Saturday, February 22, 2014

Guest Post: My Favourite Sphinxes In Fiction, by Thoraiya Dyer

Welcome again to The Book of Apex Blog Tour!  Today I am happy to host a guest post from Thoraiya Dyer, author of "The Second Card of the Major Arcana" in The Book of Apex, as well as a number of other works of short fiction.  The overall schedule of the blog tour can be found on Little Red Reviewer's site, here, so don't miss all the reviews, guest posts, interviews and giveaways.  Now, Thoraiya Dyer will introduce her favourite sphinxes in fiction!

My Favourite Sphinxes In Fiction

Sphinx. n. A mythical creature with the body of a lion and a human head.

I was first introduced to sphinxes in the Neverending Story film. My little brothers thought the pair were hilarious because they had boobs – right up until the moment their laser-eyes fried the knight in shining armour. I’m pretty sure we all screamed when the helm flew back and we saw the smoking, skeletal skull.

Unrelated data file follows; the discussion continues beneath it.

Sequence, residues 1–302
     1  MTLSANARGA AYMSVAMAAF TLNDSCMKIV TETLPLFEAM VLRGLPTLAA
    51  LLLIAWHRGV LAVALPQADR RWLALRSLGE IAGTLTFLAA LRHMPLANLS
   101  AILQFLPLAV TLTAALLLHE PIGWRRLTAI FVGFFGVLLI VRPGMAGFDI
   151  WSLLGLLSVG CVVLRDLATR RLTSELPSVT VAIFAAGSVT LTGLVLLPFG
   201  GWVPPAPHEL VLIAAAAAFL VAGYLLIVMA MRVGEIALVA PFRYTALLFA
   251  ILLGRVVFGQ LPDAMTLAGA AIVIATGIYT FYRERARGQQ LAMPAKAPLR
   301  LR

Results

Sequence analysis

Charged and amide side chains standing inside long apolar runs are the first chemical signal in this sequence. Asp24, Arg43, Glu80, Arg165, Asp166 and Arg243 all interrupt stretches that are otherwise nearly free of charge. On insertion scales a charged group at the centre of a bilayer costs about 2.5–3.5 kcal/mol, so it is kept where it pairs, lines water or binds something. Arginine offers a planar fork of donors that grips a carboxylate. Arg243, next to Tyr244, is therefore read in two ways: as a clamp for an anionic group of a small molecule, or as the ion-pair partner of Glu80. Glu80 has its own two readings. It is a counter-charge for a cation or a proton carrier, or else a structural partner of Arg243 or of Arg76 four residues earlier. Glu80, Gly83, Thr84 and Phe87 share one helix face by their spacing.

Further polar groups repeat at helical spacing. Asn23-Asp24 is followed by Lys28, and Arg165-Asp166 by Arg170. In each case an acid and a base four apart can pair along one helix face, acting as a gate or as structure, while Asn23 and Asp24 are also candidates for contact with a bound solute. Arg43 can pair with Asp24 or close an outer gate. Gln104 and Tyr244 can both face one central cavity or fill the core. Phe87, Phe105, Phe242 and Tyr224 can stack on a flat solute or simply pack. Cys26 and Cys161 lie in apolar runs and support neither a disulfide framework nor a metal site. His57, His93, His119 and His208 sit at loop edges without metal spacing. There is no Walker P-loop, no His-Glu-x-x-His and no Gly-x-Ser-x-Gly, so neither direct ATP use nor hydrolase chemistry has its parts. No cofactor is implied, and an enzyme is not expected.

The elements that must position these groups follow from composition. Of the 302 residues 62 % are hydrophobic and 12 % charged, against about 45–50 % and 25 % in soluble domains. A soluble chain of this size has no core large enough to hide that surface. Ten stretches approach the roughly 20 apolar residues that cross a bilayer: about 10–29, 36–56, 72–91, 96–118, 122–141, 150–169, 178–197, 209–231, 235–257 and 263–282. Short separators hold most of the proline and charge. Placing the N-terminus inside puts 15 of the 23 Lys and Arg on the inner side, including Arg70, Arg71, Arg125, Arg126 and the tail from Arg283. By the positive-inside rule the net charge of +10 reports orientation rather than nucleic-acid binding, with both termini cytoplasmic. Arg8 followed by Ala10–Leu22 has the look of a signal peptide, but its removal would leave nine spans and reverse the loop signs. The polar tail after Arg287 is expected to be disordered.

Important lesson: Don’t cross the sphinx.

My best friend in fourth grade later lent me the novel version of Michael Ende’s  Neverending Story. I found the book-version even more shivery-thrilling: The gaze of the sphinx freezes you until you answer all the riddles of the universe. The reason that the pair face each other is that only a sphinx can look into the eyes of another sphinx.

On my first trip overseas, I saw the Great Sphinx of Giza, and discovered that sphinxes could be men.

I saw more sphinxes flanking the throne of Astarte at the Temple of Eshmun in Lebanon, learned that that part of the Temple had been built in the Hellenistic period, and that the riddle-telling sphinx was originally Ancient Greek.

Astarte was a Phoenician goddess of fertility and of war, so I supposed the sphinx suited her – sexy woman-bits and powerful, war-like lion-bits.

It also gave me a delighted shiver to hear that in 300BCE, when those lion-bodies were carved, black lions roamed the Lebanon.

I loved the sphinx cameo in Harry Potter and the Goblet of Fire.

I ate up chapters on sphinxes in Greek mythology collections. It was inevitable that I would write a sphinx story, really.

I may even do it again.

Anyone else have any favourite sphinx tales?

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